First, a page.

The moment we got home, we learnt he was also toilet trained. It astonished me how careful he was with everything in the house and how well behaved he was.

Two days later, dad came back from Kolkata. I told him I had a surprise at home. I closed a glass door to show him Bira from a distance. Instinctively, dad jumped off his feet and screamed in fear. After a lot of cajoling, assurances and promises, dad agreed to give it a chance.

From the initial horrific reaction on the first day, we made progress as we got Bira (on a leash) and dad in the same room on the second day. Soon enough, dad and Bira began bonding. Bira had this calming, inviting, wise and respectful countenance that would ease the fear of dogs of many.

Eventually as we took him to vet, we learnt that Bira was sick with tick fever. The first two months were difficult for Bira and us however his strength and courage are like no other. He needed me by his side as he trusted me the most.

Despite popular opinion and advice, we decided to keep Bira on vegetarian diet. This would help him recover sooner (we thought). One night, Bira’s nose began to bleed. This was the first time I saw dad worried about Bira like his own child. We looked up an animal hospital online and rushed there. The doctor said Bira was stable but needed to stay under observation. The moment we were leaving, Bira started barking, thinking we were leaving him. To my surprise, dad decided and stayed at the hospital the entire night (in the lobby) to be with Bira.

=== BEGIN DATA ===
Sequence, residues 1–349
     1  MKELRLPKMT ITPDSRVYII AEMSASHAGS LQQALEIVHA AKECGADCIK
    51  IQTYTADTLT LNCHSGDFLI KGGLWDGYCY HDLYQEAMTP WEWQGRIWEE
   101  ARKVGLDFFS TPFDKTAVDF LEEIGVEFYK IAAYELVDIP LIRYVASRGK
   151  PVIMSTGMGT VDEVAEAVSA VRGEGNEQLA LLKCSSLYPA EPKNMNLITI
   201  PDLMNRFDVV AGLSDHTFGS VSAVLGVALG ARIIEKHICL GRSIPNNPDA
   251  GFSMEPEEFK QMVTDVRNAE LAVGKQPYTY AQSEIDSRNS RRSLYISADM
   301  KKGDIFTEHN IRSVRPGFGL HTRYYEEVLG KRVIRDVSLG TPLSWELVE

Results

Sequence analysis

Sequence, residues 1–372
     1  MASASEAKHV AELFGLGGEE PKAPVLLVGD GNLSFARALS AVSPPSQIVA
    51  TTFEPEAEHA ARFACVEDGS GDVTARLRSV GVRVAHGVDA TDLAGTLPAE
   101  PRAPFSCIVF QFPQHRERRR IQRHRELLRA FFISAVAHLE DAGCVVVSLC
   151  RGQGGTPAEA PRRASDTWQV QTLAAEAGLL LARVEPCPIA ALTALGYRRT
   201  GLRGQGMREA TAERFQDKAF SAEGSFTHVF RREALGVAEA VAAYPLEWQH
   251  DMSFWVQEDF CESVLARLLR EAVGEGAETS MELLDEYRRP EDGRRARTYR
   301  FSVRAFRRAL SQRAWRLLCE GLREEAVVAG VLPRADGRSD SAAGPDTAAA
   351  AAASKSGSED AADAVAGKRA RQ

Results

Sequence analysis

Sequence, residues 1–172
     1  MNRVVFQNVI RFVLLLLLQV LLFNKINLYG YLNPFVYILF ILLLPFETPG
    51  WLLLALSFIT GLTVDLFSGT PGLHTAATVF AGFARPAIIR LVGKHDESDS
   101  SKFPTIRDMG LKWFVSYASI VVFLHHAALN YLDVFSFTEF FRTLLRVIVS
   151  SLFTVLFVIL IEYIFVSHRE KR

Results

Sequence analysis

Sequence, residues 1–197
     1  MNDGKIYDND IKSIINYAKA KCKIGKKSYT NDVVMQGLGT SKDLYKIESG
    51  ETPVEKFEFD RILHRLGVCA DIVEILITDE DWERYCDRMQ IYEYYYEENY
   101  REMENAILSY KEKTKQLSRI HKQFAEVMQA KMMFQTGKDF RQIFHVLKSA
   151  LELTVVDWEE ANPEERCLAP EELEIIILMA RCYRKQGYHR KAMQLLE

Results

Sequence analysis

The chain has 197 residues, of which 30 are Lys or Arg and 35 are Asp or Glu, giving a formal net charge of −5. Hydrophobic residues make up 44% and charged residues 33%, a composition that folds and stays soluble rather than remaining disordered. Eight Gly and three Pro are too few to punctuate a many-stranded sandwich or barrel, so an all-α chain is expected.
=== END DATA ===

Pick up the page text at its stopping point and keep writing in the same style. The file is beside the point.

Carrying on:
With love, care, a family and lots of spoiling from dad, Bira was soon healthy and much naughtier. Dad hired a full-time helper, Damodar, for Bira’s care. The first day Damodar asked dad if he could give some paneer that had gone rancid to the dog. Dad glared at him and hollered to explain that Bira is his son and he would only eat what we ate. Soon, Damodar and Bira became best friends.

We started taking Bira on drives to parks on the weekends. This became one of his favourite parts of his routine. Running around in parks, watching us chase him – gave him a thrill, like no other.